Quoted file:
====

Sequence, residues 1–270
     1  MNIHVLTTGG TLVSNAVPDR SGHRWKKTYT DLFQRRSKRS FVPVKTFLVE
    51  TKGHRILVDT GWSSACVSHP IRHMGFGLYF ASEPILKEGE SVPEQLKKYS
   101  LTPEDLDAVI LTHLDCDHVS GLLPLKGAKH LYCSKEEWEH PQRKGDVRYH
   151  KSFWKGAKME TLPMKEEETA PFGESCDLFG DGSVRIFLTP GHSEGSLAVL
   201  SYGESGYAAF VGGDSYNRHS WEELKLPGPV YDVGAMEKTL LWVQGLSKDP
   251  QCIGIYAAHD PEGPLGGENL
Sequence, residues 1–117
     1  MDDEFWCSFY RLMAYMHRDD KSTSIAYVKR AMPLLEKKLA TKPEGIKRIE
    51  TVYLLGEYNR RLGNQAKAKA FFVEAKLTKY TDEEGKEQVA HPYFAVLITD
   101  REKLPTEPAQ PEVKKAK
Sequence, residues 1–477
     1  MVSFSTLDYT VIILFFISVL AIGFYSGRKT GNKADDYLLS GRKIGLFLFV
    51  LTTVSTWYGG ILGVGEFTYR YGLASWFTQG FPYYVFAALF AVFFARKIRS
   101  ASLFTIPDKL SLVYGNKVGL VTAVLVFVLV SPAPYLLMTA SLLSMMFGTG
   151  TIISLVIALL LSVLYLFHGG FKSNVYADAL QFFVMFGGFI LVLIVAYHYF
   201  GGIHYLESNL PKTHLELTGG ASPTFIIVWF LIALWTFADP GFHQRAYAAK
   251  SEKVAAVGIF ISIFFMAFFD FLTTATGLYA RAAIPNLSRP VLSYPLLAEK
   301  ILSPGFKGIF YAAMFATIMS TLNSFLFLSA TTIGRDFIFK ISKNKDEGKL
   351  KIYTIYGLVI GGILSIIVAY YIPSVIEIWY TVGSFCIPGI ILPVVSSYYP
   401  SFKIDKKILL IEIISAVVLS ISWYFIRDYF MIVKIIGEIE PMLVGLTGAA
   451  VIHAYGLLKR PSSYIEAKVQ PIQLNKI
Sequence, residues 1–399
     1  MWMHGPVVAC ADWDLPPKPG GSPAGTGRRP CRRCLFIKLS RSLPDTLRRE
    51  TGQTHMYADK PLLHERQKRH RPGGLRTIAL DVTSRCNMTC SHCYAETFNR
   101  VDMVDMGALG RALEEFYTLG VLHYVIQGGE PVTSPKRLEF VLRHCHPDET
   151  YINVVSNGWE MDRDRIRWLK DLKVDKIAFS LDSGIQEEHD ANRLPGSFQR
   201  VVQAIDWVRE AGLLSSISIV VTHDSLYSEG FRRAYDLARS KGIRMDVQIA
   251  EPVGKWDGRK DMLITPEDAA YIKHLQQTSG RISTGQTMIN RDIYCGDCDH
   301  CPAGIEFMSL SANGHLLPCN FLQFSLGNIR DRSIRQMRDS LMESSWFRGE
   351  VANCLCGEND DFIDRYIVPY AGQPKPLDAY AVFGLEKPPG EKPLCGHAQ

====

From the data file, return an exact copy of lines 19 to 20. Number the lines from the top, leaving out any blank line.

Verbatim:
   301  ILSPGFKGIF YAAMFATIMS TLNSFLFLSA TTIGRDFIFK ISKNKDEGKL
   351  KIYTIYGLVI GGILSIIVAY YIPSVIEIWY TVGSFCIPGI ILPVVSSYYP